2. With your shoulder blades squeezed together, drive your elbows toward the ceiling, bringing the dumbbells to your ribcage.

    As you pull the weights up, make sure you don’t lift your torso, as it can cause hyperextension in the thoracic spine.
  3. Hold the dumbbells in an isometric squeeze for about 5 seconds. Then, slowly lower your arms, return to the starting position and repeat the movement for as many reps as necessary.

Other Variations

Based on your goals and as I've practiced, you can vary the chest-supported dumbbell row by adjusting your elbow position. Elbows wide target the upper back, a technique I often use for focusing on the shoulder blade area.

If you stay more tucked in, you’ll be working more on the shoulder extension, challenging the muscle group at your lats.

Barbell Chest-Supported Rows

Barbell Chest-Supported Row

Tools for the Exercise:

  • Weight plates (start with a lighter weight and slowly move the heavyweights)
  • Adjustable bench
  • Olympic bar
  • Squat Rack (optional, though useful to begin the movement)

How to Perform the Barbell Chest-Supported Row Exercise:

  1. Set your bench near the rack at an incline angle of approximately 45 degrees.
  2. Place the hooks on the outside of the squat rack at a comfortable height for reaching arm-length (this step is optional if you have someone to help you move the barbell when you begin the movement).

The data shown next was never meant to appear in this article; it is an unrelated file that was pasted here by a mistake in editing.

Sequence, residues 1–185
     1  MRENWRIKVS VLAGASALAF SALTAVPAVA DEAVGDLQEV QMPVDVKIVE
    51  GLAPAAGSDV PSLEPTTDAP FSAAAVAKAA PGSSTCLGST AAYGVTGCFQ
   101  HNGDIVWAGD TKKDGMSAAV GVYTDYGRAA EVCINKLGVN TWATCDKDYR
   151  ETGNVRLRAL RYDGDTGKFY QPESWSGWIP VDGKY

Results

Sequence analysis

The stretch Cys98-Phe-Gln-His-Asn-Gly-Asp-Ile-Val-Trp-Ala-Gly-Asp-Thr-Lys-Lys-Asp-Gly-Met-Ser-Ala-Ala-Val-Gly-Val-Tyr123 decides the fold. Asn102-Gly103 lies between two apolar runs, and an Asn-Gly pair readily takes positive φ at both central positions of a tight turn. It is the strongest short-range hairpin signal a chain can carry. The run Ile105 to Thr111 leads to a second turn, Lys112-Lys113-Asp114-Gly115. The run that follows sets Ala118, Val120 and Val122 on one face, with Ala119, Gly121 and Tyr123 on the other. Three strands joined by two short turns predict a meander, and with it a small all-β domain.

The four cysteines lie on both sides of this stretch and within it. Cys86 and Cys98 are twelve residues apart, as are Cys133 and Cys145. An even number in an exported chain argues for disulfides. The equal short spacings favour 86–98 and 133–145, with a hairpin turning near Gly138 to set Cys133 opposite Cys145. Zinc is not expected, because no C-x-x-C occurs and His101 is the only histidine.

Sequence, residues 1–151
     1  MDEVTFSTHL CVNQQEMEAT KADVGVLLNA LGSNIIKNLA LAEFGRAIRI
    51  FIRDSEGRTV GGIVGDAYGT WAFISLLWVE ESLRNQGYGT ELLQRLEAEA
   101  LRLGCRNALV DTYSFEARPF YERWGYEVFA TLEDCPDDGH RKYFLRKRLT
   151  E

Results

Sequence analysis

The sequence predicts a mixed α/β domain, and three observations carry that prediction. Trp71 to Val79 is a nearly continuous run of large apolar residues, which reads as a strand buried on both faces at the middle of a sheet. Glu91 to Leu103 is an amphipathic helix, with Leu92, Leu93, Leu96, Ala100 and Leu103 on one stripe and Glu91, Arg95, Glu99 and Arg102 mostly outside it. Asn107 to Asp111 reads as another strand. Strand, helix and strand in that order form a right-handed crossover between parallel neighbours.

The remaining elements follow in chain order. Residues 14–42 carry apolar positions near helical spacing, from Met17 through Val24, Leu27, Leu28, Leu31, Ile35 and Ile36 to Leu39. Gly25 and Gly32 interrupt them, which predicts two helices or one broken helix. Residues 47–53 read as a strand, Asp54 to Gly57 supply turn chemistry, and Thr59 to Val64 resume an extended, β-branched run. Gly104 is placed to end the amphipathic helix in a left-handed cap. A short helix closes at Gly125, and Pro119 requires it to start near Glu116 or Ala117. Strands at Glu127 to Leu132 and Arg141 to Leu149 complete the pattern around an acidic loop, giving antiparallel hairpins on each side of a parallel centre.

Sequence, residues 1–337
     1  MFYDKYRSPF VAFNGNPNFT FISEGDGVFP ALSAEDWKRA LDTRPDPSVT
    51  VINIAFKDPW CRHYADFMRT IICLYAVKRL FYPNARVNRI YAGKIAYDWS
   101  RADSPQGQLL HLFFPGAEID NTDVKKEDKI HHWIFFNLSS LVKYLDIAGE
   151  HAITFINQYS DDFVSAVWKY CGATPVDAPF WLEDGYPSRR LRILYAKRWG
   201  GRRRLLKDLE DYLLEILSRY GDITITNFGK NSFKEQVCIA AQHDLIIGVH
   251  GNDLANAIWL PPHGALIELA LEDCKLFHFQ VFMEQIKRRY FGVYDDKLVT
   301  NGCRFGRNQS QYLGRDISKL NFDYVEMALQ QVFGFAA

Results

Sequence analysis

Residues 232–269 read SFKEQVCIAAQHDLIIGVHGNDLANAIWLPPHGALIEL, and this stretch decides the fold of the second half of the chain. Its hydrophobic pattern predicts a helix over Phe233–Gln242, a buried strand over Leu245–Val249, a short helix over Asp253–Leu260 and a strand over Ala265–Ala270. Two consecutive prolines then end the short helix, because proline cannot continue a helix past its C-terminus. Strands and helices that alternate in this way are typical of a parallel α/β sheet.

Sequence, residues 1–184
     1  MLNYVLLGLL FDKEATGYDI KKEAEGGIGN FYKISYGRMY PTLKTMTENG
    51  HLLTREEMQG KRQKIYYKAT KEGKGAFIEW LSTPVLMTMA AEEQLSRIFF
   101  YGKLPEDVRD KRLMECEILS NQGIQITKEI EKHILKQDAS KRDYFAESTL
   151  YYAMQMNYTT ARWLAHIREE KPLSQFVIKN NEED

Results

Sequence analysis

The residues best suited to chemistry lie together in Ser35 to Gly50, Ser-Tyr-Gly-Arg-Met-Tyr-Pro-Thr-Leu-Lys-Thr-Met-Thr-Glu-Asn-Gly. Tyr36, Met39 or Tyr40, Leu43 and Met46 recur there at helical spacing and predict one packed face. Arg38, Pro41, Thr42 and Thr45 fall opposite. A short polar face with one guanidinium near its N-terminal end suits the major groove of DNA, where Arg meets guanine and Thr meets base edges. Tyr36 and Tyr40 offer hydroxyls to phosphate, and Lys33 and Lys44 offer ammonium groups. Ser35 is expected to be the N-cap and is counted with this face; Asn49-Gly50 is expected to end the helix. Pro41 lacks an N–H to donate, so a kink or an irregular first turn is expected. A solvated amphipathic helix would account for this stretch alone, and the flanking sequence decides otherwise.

3. Position the bench over the center of the barbell.
  4. Lie down on the bench with your chest towards the pad.
  5. Keep your feet in a neutral position on the ground
  6. Hold the bar with a neutral grip, tighten your shoulder blades and start moving the weights up and down in a slow and controlled manner. Note that proper technique is more important than heavy lifting.


Are Rows Better Than Pull-ups?

Rows are not better or worse than pull-ups. They both work your lats, rhomboids, mid and lower traps, shoulders, biceps, forearms, and core. The pull-up is much more lat-focused, while the row works more on the latissimus dorsi and the mid-lower trap.

What Are the Best Alternative Exercises for a Chest-Supported Row?

The best alternative exercises for a chest-supported row are:

  • Renegade Row
  • Tripod Dumbbell Row
  • Seated Cable Rows
  • Inverted Rows

How Do You Do Chest-Supported Rows at Home?

To do the chest-supported dumbbell row at home, put some blocks under a flat bench to raise it high enough to do the rep.


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About The Author

Senior Coach
Tyler Sellers is a trained athlete and author with contributions to publications like Men’s Health, The Healthy, Fox Business, NerdWallet, Weight Watchers, and MSN. His unique approach extends beyond physical techniques, emphasizing the significance of mental techniques like the flow state and mind-muscle connection.
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James Cunningham, BSc, CPT
Staff Writer & Senior Coach
James Cunningham, BSc, CPT holds a BSc degree in Sport & Exercise Science from University of Hertfordshire. He's a Health & Performance Coach from London that brings a unique blend of academic knowledge of health supplements and practical exercise experience to the table for his readers.
Learn more about our editorial policy
Dr. Harshi Dhingra, MBBS, MD is a published peer-reviewed author and renowned physician from India with over a decade of experience. With her MBBS from Bharati Vidyapeeth and an MD from Rajiv Gandhi University, she actively ensures the accuracy of online dietary supplement and medical information by reviewing and fact-checking health publications.
Learn more about our editorial policy